Grieving widower 'shocked' after State asked for late wife's €5.90 pension bill
A grieving widower was "shocked and angry" to receive a letter from the State saying that his late wife owes €5.90 after her pension was mistakenly paid after her death.
Margaret "Peggy" Daly passed away in October and her husband Peader told RTÉ's Liveline how he was upset last week to receive a letter from the the Payroll Shared Services Centre asking him to pay €5.90.
Peggy, who was from Tuamgraney in Co Clare, worked as a cleaner part time in a garda station for 18 years, she received a pension of €3.75 every two weeks, as well as a partial State Pension.
Peadar said he was stunned when he received a letter requesting that he settle her estate.
The letter said: "My purpose of writing to you is that Margaret was in receipt of a pension from this office, in order to finalise her pension I would be grateful if you could forward the original death cert and it will be returned immediately after copying by registered post.
"As the pension was paid directly into Mrs Daly's bank account, overpayment has arisen.
"On November 2 €3.75 and on November 16 €3.76. in total €7.51 was lodged to the account.
"As Mrs Daly died before the date it was issued, the money was not due to be paid.
"As Mrs Daly's estate is owed a balance of €1.61, and this office is owed €7.51, there is an outstanding balance of €5.90."
Speaking to Joe Duffy, Peadar said that he has "no problem" sending the birth certificate or paying the money but he felt it was poor timing.
"I was shocked and angry, I couldn't believe that someone would send out a letter for a repayment that small.
"I have no problem sending on the original death certificate .
"I didn't notify them about her death right away because it was the least of my troubles but she was getting that money every two weeks, €3.75.
"I'm not saying she should have been getting any more but to sent this out shortly after my wife has died is something, did they expect me to sit down straight away after my wife had died to let them know? I'd forgotten about them."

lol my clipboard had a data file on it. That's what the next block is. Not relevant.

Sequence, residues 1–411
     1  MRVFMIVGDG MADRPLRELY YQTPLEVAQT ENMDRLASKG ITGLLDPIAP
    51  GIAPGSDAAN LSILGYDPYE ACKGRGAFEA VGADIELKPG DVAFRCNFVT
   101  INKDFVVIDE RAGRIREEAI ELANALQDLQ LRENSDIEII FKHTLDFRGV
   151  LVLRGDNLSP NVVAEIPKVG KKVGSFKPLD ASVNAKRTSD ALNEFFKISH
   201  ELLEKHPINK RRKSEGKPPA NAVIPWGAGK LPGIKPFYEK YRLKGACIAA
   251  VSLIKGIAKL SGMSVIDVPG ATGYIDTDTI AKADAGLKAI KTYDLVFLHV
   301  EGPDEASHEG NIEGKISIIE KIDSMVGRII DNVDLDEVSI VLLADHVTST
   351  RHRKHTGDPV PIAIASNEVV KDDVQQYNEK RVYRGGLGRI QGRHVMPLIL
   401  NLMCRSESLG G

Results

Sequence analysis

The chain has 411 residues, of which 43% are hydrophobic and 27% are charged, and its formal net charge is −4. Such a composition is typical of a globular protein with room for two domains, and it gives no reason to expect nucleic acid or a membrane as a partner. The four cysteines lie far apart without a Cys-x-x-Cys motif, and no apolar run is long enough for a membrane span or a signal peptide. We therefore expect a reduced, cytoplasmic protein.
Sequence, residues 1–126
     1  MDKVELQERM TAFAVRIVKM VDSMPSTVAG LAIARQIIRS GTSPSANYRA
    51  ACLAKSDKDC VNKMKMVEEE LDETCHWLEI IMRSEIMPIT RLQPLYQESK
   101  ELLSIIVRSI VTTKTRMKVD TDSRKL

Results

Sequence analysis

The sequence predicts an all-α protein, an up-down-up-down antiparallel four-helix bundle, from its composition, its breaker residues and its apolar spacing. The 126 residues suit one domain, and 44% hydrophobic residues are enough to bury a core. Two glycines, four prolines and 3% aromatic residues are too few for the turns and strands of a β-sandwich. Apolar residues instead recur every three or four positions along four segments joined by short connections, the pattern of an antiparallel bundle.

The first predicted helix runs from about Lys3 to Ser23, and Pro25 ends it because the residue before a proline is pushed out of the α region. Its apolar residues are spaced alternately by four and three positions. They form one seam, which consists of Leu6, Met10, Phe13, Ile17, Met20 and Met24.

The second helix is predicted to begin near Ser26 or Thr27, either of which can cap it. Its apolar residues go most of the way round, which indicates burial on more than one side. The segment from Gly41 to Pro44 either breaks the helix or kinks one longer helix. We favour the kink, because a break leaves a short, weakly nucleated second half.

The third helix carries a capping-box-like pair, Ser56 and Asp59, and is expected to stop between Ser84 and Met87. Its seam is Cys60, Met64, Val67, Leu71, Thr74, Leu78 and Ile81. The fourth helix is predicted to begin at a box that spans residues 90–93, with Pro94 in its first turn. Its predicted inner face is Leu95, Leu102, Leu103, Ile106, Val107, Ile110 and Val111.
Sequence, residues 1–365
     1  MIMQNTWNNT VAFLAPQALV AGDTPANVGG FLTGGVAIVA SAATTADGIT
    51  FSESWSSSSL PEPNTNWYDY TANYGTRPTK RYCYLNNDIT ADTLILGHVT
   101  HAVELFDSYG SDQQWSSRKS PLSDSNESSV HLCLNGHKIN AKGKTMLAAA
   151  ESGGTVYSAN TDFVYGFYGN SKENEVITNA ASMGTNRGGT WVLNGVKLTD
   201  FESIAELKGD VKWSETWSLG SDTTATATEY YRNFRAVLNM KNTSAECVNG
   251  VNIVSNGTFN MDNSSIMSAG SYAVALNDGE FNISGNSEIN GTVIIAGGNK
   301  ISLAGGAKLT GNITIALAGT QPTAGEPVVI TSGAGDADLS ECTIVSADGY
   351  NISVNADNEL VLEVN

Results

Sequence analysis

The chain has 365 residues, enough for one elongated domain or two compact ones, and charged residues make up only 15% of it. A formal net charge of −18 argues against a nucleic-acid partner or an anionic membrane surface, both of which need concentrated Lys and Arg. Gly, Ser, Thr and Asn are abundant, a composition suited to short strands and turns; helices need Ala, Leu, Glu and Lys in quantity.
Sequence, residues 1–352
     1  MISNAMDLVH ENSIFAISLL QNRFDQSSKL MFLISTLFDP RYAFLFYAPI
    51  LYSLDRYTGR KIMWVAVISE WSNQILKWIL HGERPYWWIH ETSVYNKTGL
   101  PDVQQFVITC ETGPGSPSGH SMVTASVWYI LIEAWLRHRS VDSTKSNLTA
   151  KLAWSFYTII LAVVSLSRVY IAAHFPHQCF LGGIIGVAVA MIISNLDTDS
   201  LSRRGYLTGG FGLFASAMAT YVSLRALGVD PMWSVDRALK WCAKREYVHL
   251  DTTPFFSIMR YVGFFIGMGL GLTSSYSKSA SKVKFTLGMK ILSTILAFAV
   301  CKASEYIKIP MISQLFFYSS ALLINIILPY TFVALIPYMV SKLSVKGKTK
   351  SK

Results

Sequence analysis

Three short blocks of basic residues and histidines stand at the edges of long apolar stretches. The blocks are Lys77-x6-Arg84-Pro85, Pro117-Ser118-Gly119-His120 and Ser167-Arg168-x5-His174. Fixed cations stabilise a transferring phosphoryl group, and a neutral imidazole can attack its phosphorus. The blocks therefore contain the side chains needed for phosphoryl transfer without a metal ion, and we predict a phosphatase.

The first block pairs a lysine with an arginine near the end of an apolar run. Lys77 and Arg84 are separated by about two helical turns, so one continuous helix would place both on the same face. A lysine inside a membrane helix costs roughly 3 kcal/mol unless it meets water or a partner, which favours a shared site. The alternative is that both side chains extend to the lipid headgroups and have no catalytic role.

Peadar, who was due to celebrate his 50th wedding anniversary with Peggy later this year, said he didn't think bereaved relatives would be requested to pay such small amounts.
He said: "If they're sending a letter like this out to me then they're sending them out to other people for very small sums of money.
"I won't be in any hurry to send it on but it's no bother to me to send on the €5.90 or the death certificate, I have no problem with that."
A spokeswoman for the Payroll Shared Service Centre apologised for any hurt caused to Mr Daly and his family.
She said in a statement released to Independent.ie: "The Payroll Shared Service Centre would firstly like to extend our sincerest sympathies to Mr Daly and his family on the death of his wife. We apologise for any hurt caused by the letter Mr Daly received.
"It was not our intention to cause any upset to him at this very difficult time. Unfortunately Mr Daly did not contact us directly on this matter as we would have liked to resolve this with him directly.
"The Payroll Shared Service Centre pays pension payments for over 60,000 public service pensions.
"We know these pensioners are our mums and dads and the families of people who contributed to public service life, the economy and we value their contribution enormously.
"Unfortunately and sadly, approximately 20 times a month on average the situation arises where a payment to a pensioner is made before the payroll centre has been notified of the death."
She continue to say that issue of a minimum amount for repayment is under review.
"The letter issued is standard practice to recover that payment which is taxpayer’s money.
"This practice is common across the public service, including civil service, An Garda Siochana, teachers, the HSE, the military and so on.
"At present, there is no minimum amount specified in the policy that should not be sought for repayment. This very issue was brought to our attention recently and we are seeking clarification on it," the statement said.